It is a pioneering homeless project which has seen life-changing results. The Thorntree Street Centre, in Leith, has helped former rough sleepers turn their lives around helped by the work of the Rowan Alba charity.

Their support has guided former rough sleepers through challenges they face, including alcohol addiction, and provides physical and emotional support through its services as well. Even the importance of having somewhere to call home through a secured tenancy gives the residents a steady foundation.

Now Rowan Alba is planning the next centre. Through the Community Shares Scotland scheme, a shares offer has been launched to raise the funds for a property on Peffermill Road, also in Edinburgh.

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The charity wants to duplicate the same unique model which delivers effective support and interventions for persistent street homeless people. They have now raised more than £127,000 of the £650,000 target through the Common Ground Community share offer which was set up by Rowan Alba founder Helen Carlin.

The aim is to convert the property into supported accommodation for nine people living with addiction problems who are currently, or in danger of rough sleeping.

Ms Carlin said: “I suppose we have a slightly different approach at Thorntree Street. We don't judge or try to change people or tell them what to do. We work work with them and their challenges. We just accept people for who they are. Don't get me wrong when we first started people thought we were mad and there was times when it was bedlam. The first few years were a steep learning curve.

"Over the years we have learned how to cope and adapt. In all likelihood people coming off the streets will have addictions and we can't change that but we can be there to understand. If you say to someone don't drink that is exactly what they will want to do.

"We don't prescribe but try to help people manage themselves with dignity. In other forms of homeless accommodation having an addiction would mean you wouldn't be able to stay and then there is a cycle of people being back on the streets. Here we offer secured tenancy rights and I think that makes a real difference."

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At Thorntree Street there is accommodation for 12 men over the age of 50. Support is available round the clock and three meals a day are provided and they can get help when they need it. It could be something as straight forward as getting to and remembering a doctors appointment.

Their different approach has helped to change the live of some of the residents and now the charity want to move to a second phase.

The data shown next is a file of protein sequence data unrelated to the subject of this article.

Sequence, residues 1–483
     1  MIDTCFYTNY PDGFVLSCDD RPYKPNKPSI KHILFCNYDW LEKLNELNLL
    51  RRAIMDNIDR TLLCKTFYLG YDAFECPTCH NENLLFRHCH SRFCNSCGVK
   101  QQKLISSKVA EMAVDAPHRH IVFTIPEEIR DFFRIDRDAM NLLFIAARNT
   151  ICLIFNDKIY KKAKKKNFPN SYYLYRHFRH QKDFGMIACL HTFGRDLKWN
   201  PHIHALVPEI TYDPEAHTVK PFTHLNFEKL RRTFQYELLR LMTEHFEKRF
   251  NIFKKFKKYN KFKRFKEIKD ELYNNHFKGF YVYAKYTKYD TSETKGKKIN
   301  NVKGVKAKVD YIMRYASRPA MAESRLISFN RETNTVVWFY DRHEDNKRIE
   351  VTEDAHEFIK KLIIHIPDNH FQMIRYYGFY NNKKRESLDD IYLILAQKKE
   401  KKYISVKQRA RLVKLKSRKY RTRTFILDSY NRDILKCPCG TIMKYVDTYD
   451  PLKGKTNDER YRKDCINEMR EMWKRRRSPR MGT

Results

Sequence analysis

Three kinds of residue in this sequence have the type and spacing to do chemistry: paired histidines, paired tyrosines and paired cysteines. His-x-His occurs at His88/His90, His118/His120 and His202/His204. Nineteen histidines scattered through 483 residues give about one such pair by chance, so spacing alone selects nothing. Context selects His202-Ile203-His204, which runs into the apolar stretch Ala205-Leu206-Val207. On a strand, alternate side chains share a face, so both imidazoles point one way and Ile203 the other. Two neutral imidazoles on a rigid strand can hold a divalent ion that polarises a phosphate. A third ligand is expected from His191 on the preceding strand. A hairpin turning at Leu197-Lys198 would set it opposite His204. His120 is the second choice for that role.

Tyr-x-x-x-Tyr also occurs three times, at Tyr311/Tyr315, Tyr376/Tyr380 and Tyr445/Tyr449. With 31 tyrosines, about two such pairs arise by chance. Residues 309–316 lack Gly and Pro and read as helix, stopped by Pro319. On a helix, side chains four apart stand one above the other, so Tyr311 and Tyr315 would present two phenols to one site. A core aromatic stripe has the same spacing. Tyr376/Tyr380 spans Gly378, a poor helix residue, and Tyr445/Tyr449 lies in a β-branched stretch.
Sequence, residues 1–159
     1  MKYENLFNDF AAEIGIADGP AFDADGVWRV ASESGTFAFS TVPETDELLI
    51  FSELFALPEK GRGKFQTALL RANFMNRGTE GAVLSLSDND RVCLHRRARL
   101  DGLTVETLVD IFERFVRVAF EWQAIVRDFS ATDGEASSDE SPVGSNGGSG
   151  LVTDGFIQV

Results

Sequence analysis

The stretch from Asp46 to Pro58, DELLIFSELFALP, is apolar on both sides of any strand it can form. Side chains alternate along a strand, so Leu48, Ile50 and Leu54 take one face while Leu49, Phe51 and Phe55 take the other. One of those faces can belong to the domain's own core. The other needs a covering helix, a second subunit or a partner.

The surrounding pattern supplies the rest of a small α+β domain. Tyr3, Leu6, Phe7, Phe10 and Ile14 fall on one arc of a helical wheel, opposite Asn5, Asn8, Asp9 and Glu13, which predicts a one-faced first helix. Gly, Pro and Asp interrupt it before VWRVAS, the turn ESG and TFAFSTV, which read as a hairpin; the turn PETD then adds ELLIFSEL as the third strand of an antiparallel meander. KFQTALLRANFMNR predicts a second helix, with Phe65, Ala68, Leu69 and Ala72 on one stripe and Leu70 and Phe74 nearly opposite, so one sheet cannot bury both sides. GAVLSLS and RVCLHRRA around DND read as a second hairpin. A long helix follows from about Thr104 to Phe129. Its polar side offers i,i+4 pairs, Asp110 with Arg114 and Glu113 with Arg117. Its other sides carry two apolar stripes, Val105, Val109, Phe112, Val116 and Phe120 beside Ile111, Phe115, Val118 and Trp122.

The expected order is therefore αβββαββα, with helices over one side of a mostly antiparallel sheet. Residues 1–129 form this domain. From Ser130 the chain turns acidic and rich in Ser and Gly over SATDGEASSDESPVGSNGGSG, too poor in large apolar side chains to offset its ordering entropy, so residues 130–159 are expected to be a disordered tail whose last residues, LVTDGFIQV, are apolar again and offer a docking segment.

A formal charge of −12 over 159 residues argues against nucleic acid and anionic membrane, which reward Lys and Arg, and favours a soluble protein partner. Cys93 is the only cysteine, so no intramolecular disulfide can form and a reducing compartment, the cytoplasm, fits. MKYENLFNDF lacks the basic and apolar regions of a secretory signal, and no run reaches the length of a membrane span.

Ms Carlin, who has a background in housing having previously worked in local authority, added: "As a charity we don't have a huge amount of funds so could never have bought our own place. Even sites in Edinburgh we had looked up were quickly snapped up at higher than advertised rents or turned into tourism businesses or temporary accommodation.

"We found site we wanted to develop to offer accommodation for nine people who have been homeless. This time they will be en-suite units rather than flats as we don't think the clients who come to us will want to cater for themselves.

"The only way we can do this is through a share offer so we set up Common Ground Against Homelessness through Community Shares Scotland. I have put in some of my own money as well as I believe in it."

This new property would be long-term leased to Rowan Alba. The property will be jointly owned by the investors in the share offer (who will become members of CGAH) and will provide permanently affordable rent for the charity.

Ms Carlin added: "It is the aim of CGAH to provide homeless people with choice, dignity and security. Investors in the CGAH share offer will not only be helping to make a huge difference to lives but by helping get more people off the streets, they will be saving the public purse millions of pounds in the long term and helping CGAH to establish a long-term, sustainable solution to homelessness in Scotland - a model that can be replicated across the UK."

The investment forms part of Community Shares Scotland, a scheme set up with funding from the Scottish Government and the National Lottery Community Fund to support the raising of money through community shares, supporting in the region of 400 community groups since the programme launched in 2014.

The organisation has launched 35 community share offers over the past six years, totalling over £12m worth of investment from over 12,000 community members, which has been match funded by £24m from other sources.